Microsoft will cut 10,000 jobs with concern about a recession in the cloud technology sector

DAVOS, Switzerland, Jan. 18 (Reuters) – Microsoft said Wednesday it will cut 10,000 jobs and slash $1.2 billion, as cloud computing customers reassess their spending and the company prepares for a possible recession.

The layoffs, much larger than the cuts Microsoft made last year, are piling up to tens of thousands of jobs in a tech sector that has long outpaced its strong growth during the pandemic.

Its shares fell about 1%.

The news comes even as the software maker is preparing to increase spending on generative AI which is a new bright spot for the industry.

Just this week, its CEO pitched AI to world leaders gathered in Davos, Switzerland, claiming that the technology will transform its products and impact people around the world. Microsoft has considered adding a $1 billion stake in OpenAI, the startup behind the Silicon Valley chatbot sensation known as ChatGPT.

In a note to employees, CEO Satya Nadella attempted to address the disparate realities.

He said customers wanted to “optimize their digital spending to do more with less” and “be careful because some parts of the world are in a recession and other parts expect it to happen”. “At the same time, the next major wave of computing is being born with advances in artificial intelligence.”

Nadella said the layoffs, which affect less than 5% of Microsoft’s workforce, will end by the end of March, with notifications beginning Wednesday. However, Microsoft will continue to recruit in “strategic areas,” he said.

The January 18 timing coincides with the date when retail and cloud computing rival Amazon.com Inc (AMZN.O) announced that it would notify more employees in the 18,000 layoffs.

The cuts reflect broader belt-tightening in the tech sector. The CEO of another company serving businesses, Palantir Technologies Inc (PLTR.N), told Reuters this week that reducing cloud spending was a top 10 priority for his customers.

More than 150,000 workers at tech companies faced job cuts in 2022, according to the tracking website Layoffs.fyi. Among them were 11,000 at Facebook parent Meta Platforms Inc (META.O), marking the widening of workforce cuts that extend beyond enterprise IT to ad- and internet-based businesses for consumers.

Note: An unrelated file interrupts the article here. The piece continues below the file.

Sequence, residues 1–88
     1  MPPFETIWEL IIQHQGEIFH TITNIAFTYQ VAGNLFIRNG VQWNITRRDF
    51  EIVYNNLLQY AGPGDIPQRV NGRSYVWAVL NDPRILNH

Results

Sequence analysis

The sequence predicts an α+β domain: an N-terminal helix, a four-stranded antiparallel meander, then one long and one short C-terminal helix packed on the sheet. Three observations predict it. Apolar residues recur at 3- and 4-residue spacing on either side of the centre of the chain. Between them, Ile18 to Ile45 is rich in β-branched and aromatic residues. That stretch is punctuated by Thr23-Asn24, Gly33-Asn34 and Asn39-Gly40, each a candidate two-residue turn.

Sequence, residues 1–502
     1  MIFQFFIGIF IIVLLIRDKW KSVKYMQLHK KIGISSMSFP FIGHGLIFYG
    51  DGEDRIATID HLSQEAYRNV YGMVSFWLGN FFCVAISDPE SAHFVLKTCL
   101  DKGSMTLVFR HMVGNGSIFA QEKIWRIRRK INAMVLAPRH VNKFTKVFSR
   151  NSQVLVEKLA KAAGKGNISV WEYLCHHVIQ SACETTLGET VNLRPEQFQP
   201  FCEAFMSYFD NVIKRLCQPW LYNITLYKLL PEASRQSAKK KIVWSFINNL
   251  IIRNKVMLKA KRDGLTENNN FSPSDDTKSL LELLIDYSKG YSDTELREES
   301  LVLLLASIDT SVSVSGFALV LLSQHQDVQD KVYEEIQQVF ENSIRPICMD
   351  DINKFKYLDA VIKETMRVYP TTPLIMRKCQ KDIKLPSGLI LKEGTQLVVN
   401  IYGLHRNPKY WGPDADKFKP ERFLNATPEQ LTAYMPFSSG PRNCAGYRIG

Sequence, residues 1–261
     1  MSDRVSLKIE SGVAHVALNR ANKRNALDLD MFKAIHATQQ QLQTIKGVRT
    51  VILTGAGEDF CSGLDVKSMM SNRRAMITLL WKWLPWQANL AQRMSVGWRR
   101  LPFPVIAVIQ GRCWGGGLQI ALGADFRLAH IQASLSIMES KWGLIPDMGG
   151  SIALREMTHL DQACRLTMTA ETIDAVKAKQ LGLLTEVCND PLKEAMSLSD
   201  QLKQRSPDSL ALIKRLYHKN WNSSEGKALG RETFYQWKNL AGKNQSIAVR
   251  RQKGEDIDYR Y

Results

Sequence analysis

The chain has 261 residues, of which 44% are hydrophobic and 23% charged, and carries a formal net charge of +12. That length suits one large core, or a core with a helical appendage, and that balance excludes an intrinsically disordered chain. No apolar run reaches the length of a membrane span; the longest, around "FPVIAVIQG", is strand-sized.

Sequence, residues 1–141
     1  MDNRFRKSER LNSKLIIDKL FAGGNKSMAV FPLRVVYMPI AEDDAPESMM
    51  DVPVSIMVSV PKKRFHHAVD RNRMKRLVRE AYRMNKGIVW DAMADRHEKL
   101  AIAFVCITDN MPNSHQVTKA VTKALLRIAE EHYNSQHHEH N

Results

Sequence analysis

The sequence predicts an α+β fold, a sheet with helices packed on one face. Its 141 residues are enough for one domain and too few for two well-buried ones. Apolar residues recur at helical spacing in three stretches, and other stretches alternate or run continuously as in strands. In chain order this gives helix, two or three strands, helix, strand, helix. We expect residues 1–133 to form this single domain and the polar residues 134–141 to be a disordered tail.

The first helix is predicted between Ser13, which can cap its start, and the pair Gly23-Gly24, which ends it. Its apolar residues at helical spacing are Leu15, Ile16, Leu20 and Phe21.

Reuters graphics

Stumbled upon personal computers

Microsoft said it would take $1 billion in severance costs, among other changes. Eligible employees in the United States, for example, will receive Medicare coverage and a six-month stock benefit.

Nadella said the fees also relate to making adjustments to the hardware lineup and consolidating rents to build high-density workspaces. Microsoft declined to disclose details of the hardware changes or say whether it will stop developing any product line.

The Redmond, Washington-based company faced a slump in the PC market after the pandemic boom died down, leaving little demand for Windows software and companion products.

The company said the fee, which occurred in Microsoft’s second fiscal quarter this year, represented a negative impact of 12 cents per share on earnings.

“This is a layoff moment for help to maintain margins and cut costs in a softer macro,” said Dan Ives, analyst at Wedbush Securities.

Building on a rise in recent years’ demand for companies to host data online and handle computing in what’s called the cloud, Microsoft has taken a different tone in recent months.

In the first fiscal quarter of 2023, cloud growth fell to 35%, and the company expects that number to drop again. In July last year, she said a small number of roles had been cancelled.

Reuters Graphics Reuters

However, Nadella sought to reassure the staff about the future. Generative AI, as exemplified by OpenAI’s ChatGPT that Microsoft will soon commercialize through its cloud service, points the way forward.

“We allocate our capital and talent to areas of secular growth and the long-term competitiveness of the company. We will emerge stronger,” he said.

Additional reporting by Jeffrey Dustin in Davos, Yuvraj Malik and Akash Sriram in Bengaluru; Editing by Chingini Ganguly and Nick Zieminski

Our Standards: The Thomson Reuters Trust Principles.

Leave a Comment